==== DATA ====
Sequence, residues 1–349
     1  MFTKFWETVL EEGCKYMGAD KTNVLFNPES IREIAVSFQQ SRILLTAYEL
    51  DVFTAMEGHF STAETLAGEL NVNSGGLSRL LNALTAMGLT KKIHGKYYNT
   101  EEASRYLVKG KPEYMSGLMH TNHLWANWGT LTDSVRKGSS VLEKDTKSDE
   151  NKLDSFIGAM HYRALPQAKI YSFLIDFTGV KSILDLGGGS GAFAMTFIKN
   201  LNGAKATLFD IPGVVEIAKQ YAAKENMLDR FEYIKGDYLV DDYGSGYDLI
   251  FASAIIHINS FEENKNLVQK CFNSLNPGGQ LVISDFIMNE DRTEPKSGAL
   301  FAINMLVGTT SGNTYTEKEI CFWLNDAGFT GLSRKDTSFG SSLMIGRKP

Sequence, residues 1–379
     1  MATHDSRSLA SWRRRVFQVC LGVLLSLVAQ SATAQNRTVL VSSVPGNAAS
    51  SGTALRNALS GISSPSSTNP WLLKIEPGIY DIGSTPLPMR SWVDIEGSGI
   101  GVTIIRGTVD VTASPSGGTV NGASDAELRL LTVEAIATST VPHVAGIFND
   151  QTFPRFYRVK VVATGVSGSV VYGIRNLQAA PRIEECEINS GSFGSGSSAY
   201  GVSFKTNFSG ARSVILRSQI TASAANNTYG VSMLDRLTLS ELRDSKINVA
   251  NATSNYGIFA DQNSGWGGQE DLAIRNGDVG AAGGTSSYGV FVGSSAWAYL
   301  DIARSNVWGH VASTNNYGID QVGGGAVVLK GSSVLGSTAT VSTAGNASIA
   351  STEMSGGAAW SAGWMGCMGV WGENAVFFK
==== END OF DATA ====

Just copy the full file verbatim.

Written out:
Sequence, residues 1–349
     1  MFTKFWETVL EEGCKYMGAD KTNVLFNPES IREIAVSFQQ SRILLTAYEL
    51  DVFTAMEGHF STAETLAGEL NVNSGGLSRL LNALTAMGLT KKIHGKYYNT
   101  EEASRYLVKG KPEYMSGLMH TNHLWANWGT LTDSVRKGSS VLEKDTKSDE
   151  NKLDSFIGAM HYRALPQAKI YSFLIDFTGV KSILDLGGGS GAFAMTFIKN
   201  LNGAKATLFD IPGVVEIAKQ YAAKENMLDR FEYIKGDYLV DDYGSGYDLI
   251  FASAIIHINS FEENKNLVQK CFNSLNPGGQ LVISDFIMNE DRTEPKSGAL
   301  FAINMLVGTT SGNTYTEKEI CFWLNDAGFT GLSRKDTSFG SSLMIGRKP

Sequence, residues 1–379
     1  MATHDSRSLA SWRRRVFQVC LGVLLSLVAQ SATAQNRTVL VSSVPGNAAS
    51  SGTALRNALS GISSPSSTNP WLLKIEPGIY DIGSTPLPMR SWVDIEGSGI
   101  GVTIIRGTVD VTASPSGGTV NGASDAELRL LTVEAIATST VPHVAGIFND
   151  QTFPRFYRVK VVATGVSGSV VYGIRNLQAA PRIEECEINS GSFGSGSSAY
   201  GVSFKTNFSG ARSVILRSQI TASAANNTYG VSMLDRLTLS ELRDSKINVA
   251  NATSNYGIFA DQNSGWGGQE DLAIRNGDVG AAGGTSSYGV FVGSSAWAYL
   301  DIARSNVWGH VASTNNYGID QVGGGAVVLK GSSVLGSTAT VSTAGNASIA
   351  STEMSGGAAW SAGWMGCMGV WGENAVFFK